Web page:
Necrotizing enterocolitis: clinical characteristics and outcome of a cohort of 106 cases at a children’s hospital in North China
Introduction: Necrotizing enterocolitis (NEC) in neonates, especially in the preterm, is a life-threatening condition. This study aims to analyze the clinical profile of NEC to get an insight for better understanding and management.
Method: This was a retrospective analysis of neonatal NEC during the six-year period from 2014 to 2019. The prevalence and time for the development of NEC, clinical profile (term and preterm, low birth weight, gender, breast and formula feeding, abdominal distension, vomiting, hematochezia, apnea, fever, altered mental status, blood transfusion, breast or formula-fed, intestinal perforation, Bell’s stage and time for the development of NEC) and maternal factors (gestational hypertension, diabetes, premature rupture of membranes PROM, intrauterine fetal distress, placenta previa) were analyzed. Features in preterm and term neonates were compared. Ethical approval was obtained.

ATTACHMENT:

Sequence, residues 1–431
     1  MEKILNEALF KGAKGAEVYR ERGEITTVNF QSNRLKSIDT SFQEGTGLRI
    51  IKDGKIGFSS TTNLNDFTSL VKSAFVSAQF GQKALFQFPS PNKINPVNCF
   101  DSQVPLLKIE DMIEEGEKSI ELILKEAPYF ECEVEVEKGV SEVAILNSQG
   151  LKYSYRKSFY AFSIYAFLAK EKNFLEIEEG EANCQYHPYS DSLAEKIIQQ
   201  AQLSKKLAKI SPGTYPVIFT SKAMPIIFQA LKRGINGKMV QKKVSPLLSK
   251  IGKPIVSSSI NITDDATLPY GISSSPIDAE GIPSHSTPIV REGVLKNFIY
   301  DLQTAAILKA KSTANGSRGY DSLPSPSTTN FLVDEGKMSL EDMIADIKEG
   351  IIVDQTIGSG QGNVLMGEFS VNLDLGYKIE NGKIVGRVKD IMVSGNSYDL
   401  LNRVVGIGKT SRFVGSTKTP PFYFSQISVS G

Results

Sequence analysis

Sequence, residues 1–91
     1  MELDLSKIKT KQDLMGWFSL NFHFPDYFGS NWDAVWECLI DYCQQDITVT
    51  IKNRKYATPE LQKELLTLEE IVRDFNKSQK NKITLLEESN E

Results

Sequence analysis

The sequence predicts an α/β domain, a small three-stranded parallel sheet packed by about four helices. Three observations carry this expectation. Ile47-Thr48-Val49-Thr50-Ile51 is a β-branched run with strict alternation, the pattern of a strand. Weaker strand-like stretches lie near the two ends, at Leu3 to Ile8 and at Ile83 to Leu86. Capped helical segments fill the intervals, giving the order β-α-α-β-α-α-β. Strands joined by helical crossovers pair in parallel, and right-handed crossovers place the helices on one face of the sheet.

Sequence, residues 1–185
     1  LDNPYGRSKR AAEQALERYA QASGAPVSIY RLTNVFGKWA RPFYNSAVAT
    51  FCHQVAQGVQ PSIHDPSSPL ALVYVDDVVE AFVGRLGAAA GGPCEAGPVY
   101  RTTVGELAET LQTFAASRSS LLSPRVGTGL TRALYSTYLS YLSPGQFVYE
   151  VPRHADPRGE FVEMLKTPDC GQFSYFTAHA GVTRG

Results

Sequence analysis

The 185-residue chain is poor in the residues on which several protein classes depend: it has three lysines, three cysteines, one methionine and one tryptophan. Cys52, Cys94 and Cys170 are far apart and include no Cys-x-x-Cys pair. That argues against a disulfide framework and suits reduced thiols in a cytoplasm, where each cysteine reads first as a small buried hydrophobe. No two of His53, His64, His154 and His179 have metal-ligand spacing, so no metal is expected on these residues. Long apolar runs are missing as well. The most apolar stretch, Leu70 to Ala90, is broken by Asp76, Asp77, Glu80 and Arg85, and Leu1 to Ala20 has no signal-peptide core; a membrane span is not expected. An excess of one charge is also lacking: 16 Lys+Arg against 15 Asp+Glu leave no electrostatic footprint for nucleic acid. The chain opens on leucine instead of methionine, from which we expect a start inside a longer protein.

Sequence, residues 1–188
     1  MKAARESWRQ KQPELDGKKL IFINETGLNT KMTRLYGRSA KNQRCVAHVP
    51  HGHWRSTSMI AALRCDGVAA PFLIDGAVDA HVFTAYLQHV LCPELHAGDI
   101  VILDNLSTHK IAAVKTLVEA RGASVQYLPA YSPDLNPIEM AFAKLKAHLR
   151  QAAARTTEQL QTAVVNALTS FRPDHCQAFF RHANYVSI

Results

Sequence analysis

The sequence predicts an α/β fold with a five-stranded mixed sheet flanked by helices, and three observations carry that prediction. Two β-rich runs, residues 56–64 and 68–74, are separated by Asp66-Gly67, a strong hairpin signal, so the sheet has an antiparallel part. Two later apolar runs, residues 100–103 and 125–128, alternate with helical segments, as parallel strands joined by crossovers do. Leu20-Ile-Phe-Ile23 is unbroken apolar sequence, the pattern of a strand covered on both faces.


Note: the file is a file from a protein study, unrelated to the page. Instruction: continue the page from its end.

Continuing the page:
Result: There were 106 NEC (0.87% of 12,184 neonatal admissions), 62 (58.49%) male, 90 (84.91%) preterm, and 85 (80.19%) LBW. Overall, 88 (83.02%) were Bell’s stage II, and severe stage III was seen in eight (19.04%) out of 42 babies with formula feeding as compared to one (1.56%) out of 64 in breastfeeding. The median time for the development of NEC was 6 days of life. The yearly prevalence of NEC per thousand neonates admitted during 6-years increased from 2.90 in 2014 to 12.06 in 2019. Overall mortality was 14 (13.20%).
Conclusion: The yearly incidence of NEC increased with a higher incidence in preterm, in low birth weight and formula-fed neonates.
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